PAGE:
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The Center for Native Grasslands Management




Title: Elymus virginicus and Elymus hystrix as potential native cool-season forage grasses in the Northeast United States
Year: 2002
Author(s): Sanderson, M. A., Skinner, R. H., Kujawaski, J., van der Grinten, M.
Source Title: Proceedings of the Third Eastern Native Grass Symposium
Source Type: Proceedings
pages: 313
Original Publication:  
Abstract: Most forage grasses used in the northeastern United States are introduced species. Our objective was to evaluate northeastern collections of the native cool-season grasses Virginia wildrye and eastern bottlebrush grass for yield, persistence, and forage quality. Sixteen accessions and two commercial sources of Elymus virginicus and thriteen accessions and one commerical source of Elymus hystrix were transplanted into single-row field plots during the summer of 2000 at Beltsville, MD, Rock Springs, PA, and Big Flats, NY. Two orchardgrass cultivars were the control treatments. Yield and morphology (leaf width, length, mass; tiller density, plant height) data were collected during 2001 and 2002. Leaf morphology varied widely among accessions of both species. Yields of E. virginicus ranged from 8 to 57 grams of dry matter per plant in 2001. Yield of E. hystrix ranged from 4 to 40 grams of dry matter per plant in 2001. Orchardgrass plants were much more productive and yielded an average of 30 to 140 grams per plant. Both E. virginicus and E. hystrix were very sensitive to drought. E. hystrix was eliminated at Rock Springs by insect damage to growing points and roots. These results indicate limited potential as productive forage grasses for these native grasses without genetic improvement.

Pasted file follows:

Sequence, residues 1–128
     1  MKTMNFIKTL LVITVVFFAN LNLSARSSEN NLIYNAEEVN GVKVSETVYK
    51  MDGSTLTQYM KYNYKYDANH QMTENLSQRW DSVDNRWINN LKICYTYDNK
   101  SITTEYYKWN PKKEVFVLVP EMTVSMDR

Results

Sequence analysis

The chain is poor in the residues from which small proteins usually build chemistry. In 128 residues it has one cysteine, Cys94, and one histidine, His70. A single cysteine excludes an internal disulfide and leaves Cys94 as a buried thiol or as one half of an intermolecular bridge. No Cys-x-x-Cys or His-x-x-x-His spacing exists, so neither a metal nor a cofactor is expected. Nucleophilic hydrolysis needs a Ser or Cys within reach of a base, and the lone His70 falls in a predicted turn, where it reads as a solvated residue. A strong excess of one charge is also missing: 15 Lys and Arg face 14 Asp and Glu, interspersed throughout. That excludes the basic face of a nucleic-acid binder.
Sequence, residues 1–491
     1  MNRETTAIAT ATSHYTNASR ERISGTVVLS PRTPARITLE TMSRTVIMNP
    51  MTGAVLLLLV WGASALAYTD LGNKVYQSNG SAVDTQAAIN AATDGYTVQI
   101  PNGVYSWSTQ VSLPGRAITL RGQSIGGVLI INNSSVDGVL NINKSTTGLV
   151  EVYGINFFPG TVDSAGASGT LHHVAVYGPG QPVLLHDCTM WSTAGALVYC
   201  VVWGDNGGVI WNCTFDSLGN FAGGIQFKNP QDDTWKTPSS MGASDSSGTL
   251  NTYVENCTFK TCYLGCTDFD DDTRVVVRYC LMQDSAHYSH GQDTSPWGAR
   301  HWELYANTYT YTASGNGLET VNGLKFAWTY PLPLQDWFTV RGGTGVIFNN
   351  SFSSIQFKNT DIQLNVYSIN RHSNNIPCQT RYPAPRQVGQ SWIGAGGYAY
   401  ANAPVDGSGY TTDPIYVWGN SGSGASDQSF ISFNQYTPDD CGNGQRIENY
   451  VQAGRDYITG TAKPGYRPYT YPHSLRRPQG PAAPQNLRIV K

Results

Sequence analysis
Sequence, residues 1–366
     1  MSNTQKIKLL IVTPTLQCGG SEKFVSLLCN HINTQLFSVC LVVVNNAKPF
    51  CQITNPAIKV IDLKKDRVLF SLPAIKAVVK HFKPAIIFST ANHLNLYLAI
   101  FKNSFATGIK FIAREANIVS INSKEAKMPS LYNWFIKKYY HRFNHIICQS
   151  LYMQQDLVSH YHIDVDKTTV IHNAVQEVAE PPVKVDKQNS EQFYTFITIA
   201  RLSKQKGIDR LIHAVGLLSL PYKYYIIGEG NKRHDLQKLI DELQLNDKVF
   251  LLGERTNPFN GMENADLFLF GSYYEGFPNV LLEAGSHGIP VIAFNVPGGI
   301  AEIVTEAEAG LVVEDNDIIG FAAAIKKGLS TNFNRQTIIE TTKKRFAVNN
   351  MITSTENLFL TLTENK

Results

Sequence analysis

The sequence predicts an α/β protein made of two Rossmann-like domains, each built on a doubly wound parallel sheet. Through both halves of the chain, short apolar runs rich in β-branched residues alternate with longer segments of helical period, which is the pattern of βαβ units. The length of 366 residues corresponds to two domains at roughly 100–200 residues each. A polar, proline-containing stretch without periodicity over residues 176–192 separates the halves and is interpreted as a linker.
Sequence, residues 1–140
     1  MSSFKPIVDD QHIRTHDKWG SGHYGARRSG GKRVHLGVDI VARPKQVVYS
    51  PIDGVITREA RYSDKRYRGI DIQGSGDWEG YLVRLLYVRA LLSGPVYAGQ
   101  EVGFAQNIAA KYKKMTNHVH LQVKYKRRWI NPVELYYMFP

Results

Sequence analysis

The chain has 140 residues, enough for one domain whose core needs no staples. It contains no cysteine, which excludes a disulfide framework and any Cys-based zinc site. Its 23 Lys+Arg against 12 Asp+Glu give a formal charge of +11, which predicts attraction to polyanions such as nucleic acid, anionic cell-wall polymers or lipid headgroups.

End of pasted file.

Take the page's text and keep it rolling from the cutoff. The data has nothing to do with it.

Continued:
Publisher: The North Carolina Botanical Garden, Chapel Hill, NC, October 1-3, 2002. Omnipress, Madison, WI
Editor(s): J. Randall
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